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It’s not enough that people come to your website. You need them to come BACK to your website. And they’re only going to do that so many times unless there’s something new to see when they get there.

It’s important to have a good looking website with great content. It’s far more important to have content that changes on a regular basis. I’ve talked about the value of an RSS feed, and hooking people as subscribers of your content.

But even for the occasional visitor, it’s far more compelling to be met with a bunch of stuff that constitutes new information. It might even prompt them to pop back from time to time… perhaps with their credit cards.

Just as there’s nothing that says ‘active, happening and vibrant’ like a website that seems to have updates every day — there’s nothing as despondent and neglected as an abandoned-looking website or a disused forum. Here are some hints to keep you fresh and up to date.

1. Use a Content Management System
Is your website hard to amend? Do you have to go through your web designer every time you need to change something or add a concert date?

These days, there are great CMS packages that can either be integrated into your existing site or (let’s face it, it’s getting on a bit now) replace your current site all together. A CMS will let you update your own website easily — with no tech skill required — at the drop of a hat. Day or night. It’ll even do all the layout and design stuff for you. Easier than sending email.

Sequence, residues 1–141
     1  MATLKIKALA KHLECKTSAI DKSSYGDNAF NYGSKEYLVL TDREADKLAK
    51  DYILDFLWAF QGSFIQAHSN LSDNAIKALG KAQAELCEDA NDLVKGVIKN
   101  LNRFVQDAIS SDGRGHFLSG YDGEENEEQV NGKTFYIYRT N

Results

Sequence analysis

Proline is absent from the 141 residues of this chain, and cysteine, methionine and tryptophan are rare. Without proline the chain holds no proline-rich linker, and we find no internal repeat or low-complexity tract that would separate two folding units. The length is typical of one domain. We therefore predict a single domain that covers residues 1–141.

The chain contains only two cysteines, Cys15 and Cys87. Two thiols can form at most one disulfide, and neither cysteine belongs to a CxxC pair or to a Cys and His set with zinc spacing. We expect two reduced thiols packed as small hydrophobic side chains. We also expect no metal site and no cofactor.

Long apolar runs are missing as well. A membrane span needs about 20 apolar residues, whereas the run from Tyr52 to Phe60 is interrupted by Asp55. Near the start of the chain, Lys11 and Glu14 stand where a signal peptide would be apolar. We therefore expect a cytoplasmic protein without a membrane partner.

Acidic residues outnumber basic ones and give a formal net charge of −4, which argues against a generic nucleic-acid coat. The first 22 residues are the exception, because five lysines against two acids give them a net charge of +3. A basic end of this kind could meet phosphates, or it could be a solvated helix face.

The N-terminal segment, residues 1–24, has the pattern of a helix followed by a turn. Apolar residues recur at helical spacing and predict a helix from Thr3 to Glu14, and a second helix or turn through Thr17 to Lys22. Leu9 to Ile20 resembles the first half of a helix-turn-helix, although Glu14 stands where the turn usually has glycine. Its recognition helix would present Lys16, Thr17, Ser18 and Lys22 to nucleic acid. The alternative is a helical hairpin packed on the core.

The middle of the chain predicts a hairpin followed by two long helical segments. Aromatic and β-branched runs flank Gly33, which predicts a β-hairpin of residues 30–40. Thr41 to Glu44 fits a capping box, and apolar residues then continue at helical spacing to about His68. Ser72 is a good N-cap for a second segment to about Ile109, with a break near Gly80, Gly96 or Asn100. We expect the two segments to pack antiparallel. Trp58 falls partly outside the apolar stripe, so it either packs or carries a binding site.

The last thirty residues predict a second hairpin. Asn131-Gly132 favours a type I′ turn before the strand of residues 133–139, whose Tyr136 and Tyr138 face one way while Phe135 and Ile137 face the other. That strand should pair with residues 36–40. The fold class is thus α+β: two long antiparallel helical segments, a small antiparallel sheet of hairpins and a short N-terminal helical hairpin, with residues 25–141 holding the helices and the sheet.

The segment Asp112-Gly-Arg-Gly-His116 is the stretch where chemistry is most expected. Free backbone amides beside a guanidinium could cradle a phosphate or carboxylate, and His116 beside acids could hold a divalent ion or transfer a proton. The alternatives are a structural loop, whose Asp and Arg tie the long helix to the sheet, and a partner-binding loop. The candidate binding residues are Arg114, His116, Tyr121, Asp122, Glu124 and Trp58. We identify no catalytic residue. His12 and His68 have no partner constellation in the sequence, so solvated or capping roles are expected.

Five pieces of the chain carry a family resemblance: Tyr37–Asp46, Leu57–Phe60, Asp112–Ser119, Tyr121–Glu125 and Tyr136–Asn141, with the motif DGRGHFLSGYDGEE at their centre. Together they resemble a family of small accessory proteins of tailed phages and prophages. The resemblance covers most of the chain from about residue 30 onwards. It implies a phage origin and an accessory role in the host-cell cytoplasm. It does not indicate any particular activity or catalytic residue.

Some content management systems are even free. I use WordPress for this site — and I can thoroughly recommend it. Joomla‘s very good too — especially if you need more bells and whistles (I didn’t).

Tell your web developer, if you have one, that you want a Content Management System. Insist on it. Tell them you know that you can get one for free if the need arises.

2. Preplan things to talk about
Don’t just post when you think you have something to say. Plan the things you’re going to talk about in advance. Depends on what you do, of course, but how about having posts up your sleeve on ‘why I like this brand of guitar strings’ or ‘something you may not know about the artists on our label’ or ‘an interview with the work experience kid who puts your CDs in the envelope’.

3. Drag in content from elsewhere
It’s not a sin to republish content, as long as it’s properly accredited.

Naturally, as an academic, I would encourage you to contextualise, explain and comment on the wise words of others you bring into your site, rather than simply cut and paste — but honestly, the bulk of the hard work can be done (at least some of the time) by other people who are talking about issues from your sector of the industry.

Don’t tell anyone I said that.

4. Talk about current stuff
Draw from current events and relate them to what you do. As with dragging in content from elsewhere, you should add a bit of value for your customers, but springboard off the work of others.

5. Capture everything and post it online
Play a gig? Do a promotion? Send out a press release? Sell your thousandth unit? Find an interesting pebble? Take a photo, write a paragraph and put it on the internet. Everything you do — not just putting out an EP or playing a concert.

There is something magical about frequency. It makes you look professional, busy and popular. If you publish something that says ‘Hooray — our album has been lauched!’ and then that message is still there a year later, people will rightly assume that nothing happened, and that the nothing that happened was something you deserved.

People want to spend time and money with something that’s happening now. Not something they’ve missed, and wasn’t good enough to keep on going.

Because more than anything else, economic engagement is the result of perception management.